A l’instar du droit romain, le droit successoral mazdéen distinguait les présomptions simples et irréfragables, connaissait la représentation successorale, la théorie des comourants, le droit d’accession, le rapport des libéralités ; en matière de règlement du passif, il appliquait la règle nemo liberalis nisi liberatus, permettait aux créanciers successoraux de bénéficier du privilège de la séparation des patrimoines, soumettait les cohéritiers débiteurs à une obligation in solidum ; en matière de droit de la filiation, il distinguait l’adoption simple de l’adoption plénière. Tout en décrivant exhaustivement le droit successoral mazdéen, cet ouvrage établit de nombreux parallèles avec d’autres droits de l’Antiquité, ainsi qu’avec le droit français.
In this book, Bob Becking provides a comprehensive and up-to-date overview of the origins, lives, and eventual fate of the Yehudites, or Judeans, at Elephantine, framed within the greater history of the rise and fall of the Persian Empire.
The Yehudites were among those mercenaries recruited by the Persians to defend the southwestern border of the empire in the fifth century BCE. Becking argues that this group, whom some label as the first “Jews,” lived on the island of Elephantine in relative peace with other ethnic groups under the aegis of the pax persica. Drawing on Aramaic and Demotic texts discovered during excavations on the island and at Syene on the adjacent shore of the Nile, Becking finds evidence of intermarriage, trade cooperation, and even a limited acceptance of one another’s gods between the various ethnic groups at Elephantine. His analysis of the Elephantine Yehudites’ unorthodox form of Yahwism provides valuable insight into the group’s religious beliefs and practices.
An important contribution to the study of Yehudite life in the diaspora, this accessibly written and sweeping history enhances our understanding of the varieties of early Jewish life and how these contributed to the construction of Judaism.
Larson, Richard K., Sedigheh Moradi & Vida Samiian (eds.). 2020. Advances in Iranian Linguistics (Current Issues in Linguistic Theory, 351). Amsterdam & Philadelphia: John Benjamins Publishing Company.
This volume brings together selected papers from the first North American Conference in Iranian Linguistics, which was organized by the linguistics department at Stony Brook University. Papers were selected to illustrate the range of frameworks, diverse areas of research and how the boundaries of linguistic analysis of Iranian languages have expanded over the years. The contributions collected in this volume address advancing research and complex methodological explorations in a broad range of topics in Persian syntax, morphology, phonology, semantics, typology and classification, as well as historical linguistics. Some of the papers also investigate less-studied and endangered Iranian languages such as Tat, Gilaki and Mazandarani, Sorani and Kurmanji Kurdish, and Zazaki. The volume will be of value to scholars in theoretical frameworks as well as those with typological and diachronic perspectives, and in particular to those working in Iranian linguistics.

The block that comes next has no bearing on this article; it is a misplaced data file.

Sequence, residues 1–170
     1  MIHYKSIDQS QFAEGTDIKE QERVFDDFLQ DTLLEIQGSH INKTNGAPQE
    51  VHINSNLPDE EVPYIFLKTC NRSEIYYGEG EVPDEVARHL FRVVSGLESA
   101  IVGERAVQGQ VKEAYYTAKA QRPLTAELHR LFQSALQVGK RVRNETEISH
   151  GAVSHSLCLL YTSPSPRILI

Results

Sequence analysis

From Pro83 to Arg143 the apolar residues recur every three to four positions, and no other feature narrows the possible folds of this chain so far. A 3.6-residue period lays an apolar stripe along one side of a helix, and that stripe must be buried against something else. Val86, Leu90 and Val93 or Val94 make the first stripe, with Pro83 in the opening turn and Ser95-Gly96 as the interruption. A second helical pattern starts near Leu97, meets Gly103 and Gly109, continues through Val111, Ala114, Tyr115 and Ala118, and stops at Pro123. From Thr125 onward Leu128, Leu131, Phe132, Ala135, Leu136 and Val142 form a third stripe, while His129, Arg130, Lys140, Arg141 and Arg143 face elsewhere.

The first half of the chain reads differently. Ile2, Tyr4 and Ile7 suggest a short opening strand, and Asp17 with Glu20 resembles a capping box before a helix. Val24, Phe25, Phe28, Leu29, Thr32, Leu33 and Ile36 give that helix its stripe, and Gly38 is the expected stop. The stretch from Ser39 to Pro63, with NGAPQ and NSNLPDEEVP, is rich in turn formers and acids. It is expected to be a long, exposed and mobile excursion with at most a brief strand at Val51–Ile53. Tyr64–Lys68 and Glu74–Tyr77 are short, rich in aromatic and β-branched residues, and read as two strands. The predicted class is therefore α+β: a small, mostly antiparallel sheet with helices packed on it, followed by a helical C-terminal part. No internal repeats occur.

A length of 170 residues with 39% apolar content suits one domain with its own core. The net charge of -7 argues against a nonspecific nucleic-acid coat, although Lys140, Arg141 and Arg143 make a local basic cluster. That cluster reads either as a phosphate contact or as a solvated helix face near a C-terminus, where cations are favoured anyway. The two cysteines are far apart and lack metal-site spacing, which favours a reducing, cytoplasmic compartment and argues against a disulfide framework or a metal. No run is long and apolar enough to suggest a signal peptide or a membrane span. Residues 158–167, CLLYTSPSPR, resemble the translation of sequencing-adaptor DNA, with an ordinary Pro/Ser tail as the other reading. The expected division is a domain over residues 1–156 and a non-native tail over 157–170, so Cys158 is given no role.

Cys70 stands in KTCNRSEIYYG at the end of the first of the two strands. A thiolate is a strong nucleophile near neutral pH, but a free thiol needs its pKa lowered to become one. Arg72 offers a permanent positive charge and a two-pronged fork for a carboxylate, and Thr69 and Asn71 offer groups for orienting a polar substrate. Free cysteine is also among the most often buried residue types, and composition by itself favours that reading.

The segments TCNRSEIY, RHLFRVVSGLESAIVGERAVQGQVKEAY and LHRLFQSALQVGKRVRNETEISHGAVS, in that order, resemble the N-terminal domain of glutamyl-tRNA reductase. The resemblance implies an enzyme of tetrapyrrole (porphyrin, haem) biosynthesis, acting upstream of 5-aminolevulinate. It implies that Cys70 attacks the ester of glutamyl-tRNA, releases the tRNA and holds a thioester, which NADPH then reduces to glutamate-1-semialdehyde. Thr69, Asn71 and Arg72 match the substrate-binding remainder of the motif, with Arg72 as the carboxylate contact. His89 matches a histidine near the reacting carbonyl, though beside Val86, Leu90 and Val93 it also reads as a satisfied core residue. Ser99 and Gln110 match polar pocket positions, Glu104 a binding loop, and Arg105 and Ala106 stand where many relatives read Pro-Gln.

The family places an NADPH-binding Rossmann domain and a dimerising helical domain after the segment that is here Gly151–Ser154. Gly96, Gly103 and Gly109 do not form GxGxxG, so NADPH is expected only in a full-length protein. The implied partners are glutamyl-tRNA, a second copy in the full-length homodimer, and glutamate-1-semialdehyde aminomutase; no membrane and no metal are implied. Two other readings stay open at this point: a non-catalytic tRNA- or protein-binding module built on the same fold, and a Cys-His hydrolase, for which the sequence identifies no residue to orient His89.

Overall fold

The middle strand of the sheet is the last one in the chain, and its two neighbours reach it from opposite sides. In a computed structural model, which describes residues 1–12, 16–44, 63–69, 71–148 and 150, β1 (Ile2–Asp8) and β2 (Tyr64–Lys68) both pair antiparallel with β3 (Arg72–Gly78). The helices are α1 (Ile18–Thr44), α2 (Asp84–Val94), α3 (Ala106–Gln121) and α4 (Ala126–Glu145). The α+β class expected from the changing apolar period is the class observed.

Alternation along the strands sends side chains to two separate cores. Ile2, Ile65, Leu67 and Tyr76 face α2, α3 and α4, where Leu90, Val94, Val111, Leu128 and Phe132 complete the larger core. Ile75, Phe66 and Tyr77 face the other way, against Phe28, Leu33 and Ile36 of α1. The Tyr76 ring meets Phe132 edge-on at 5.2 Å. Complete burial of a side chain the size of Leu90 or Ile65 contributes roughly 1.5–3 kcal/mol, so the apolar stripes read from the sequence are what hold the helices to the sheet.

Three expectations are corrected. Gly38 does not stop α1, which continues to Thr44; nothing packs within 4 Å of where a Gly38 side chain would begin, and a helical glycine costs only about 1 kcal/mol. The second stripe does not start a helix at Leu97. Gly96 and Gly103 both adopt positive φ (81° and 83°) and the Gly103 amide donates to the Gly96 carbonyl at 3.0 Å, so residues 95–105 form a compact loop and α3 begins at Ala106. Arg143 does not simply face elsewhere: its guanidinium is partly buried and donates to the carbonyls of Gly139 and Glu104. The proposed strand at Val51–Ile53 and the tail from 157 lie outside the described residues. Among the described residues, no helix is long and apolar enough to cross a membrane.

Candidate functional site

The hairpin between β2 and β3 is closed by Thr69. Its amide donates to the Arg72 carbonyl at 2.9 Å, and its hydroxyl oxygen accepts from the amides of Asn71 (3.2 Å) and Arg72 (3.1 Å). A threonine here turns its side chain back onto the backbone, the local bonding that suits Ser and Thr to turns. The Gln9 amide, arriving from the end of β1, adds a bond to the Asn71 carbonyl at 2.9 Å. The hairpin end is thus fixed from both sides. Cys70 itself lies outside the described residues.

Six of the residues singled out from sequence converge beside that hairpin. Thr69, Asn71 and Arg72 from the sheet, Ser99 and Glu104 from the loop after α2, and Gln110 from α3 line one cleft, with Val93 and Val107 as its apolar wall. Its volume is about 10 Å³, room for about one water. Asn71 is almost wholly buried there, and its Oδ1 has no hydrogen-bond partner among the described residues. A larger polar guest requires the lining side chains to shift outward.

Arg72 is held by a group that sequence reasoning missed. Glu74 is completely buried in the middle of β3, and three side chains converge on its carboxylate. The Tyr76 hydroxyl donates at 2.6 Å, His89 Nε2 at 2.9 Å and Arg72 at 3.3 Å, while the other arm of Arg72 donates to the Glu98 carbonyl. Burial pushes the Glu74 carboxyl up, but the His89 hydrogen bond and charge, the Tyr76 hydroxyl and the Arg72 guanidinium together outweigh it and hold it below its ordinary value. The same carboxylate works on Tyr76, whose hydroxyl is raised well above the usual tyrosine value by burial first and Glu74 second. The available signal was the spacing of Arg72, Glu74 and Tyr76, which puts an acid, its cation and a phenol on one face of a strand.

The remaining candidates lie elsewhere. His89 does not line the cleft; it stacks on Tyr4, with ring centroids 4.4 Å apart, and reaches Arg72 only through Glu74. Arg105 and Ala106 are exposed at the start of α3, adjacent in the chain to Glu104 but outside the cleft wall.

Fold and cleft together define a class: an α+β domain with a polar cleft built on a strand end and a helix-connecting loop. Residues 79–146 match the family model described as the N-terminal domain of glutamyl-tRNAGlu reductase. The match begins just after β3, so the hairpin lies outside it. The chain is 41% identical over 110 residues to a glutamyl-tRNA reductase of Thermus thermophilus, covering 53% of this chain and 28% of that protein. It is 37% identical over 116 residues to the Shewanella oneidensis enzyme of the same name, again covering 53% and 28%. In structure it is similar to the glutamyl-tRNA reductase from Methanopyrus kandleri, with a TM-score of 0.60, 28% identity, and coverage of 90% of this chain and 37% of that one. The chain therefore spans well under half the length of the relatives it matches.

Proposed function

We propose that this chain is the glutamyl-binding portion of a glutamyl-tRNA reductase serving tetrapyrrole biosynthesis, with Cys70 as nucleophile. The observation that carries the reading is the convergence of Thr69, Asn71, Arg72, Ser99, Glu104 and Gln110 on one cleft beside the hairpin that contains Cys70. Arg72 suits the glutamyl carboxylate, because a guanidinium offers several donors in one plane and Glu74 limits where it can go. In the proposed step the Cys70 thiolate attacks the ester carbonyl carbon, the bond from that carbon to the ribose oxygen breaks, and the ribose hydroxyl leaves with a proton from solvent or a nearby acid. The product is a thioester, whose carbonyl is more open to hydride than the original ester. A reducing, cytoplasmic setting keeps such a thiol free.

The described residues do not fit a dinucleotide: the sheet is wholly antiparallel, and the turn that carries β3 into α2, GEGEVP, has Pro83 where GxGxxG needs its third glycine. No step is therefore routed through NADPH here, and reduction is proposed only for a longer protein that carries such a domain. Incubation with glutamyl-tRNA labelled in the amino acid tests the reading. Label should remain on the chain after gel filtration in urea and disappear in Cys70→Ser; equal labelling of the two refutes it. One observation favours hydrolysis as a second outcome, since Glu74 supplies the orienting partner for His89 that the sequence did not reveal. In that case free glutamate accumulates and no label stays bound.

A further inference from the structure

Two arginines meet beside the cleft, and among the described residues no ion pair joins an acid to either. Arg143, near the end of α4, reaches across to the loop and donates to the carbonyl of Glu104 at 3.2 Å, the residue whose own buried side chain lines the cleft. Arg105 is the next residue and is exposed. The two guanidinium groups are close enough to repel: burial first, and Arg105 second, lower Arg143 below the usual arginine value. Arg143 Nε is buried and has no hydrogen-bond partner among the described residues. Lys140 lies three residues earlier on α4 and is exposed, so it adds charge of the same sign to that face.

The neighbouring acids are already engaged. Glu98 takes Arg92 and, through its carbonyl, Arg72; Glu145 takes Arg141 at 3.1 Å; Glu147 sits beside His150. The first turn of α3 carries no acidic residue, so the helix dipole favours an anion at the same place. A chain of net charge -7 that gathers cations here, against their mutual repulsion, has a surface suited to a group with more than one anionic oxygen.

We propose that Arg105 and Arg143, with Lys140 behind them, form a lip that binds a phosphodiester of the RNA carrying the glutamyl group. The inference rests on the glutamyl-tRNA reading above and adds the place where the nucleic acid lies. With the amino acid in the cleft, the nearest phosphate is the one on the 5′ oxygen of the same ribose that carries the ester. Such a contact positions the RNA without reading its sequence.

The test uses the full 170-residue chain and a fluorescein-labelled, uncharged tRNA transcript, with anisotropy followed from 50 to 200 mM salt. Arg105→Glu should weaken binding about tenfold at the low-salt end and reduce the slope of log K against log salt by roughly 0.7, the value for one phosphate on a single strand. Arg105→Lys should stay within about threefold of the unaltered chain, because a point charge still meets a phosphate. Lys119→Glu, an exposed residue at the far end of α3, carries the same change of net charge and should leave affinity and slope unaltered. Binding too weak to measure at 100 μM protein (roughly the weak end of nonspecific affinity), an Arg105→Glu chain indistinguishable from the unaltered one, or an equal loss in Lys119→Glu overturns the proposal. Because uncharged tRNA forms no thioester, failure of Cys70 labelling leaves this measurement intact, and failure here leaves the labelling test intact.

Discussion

This collection of essays presents a synthesis of current research on the Oxus Civilization, which rose and developed at the turn of the 3rd to 2nd millennia BC in Central Asia.
First discovered in the 1970s, the Oxus Civilization, or the Bactria–Margiana Archaeological Complex (BMAC), has engendered many different interpretations, which are explored in this volume by an international group of archaeologists and researchers. Contributors cover all aspects of this fascinating Bronze Age culture: architecture; material culture; grave goods; religion; migrations; and trade and interactions with neighboring civilizations, from Mesopotamia to the Indus, and the Gulf to the northern steppes. Chapters also examine the Oxus Civilization’s roots in previous local cultures, explore its environmental and chronological context, or the possibly coveted metal sources, and look into the reasons for its decline.
The World of the Oxus Civilization offers a broad and fascinating examination of this society, and provides an invaluable updated resource for anyone working on the culture, history, and archaeology of this region and on the multiple interactions at work at that time in the ancient Near East.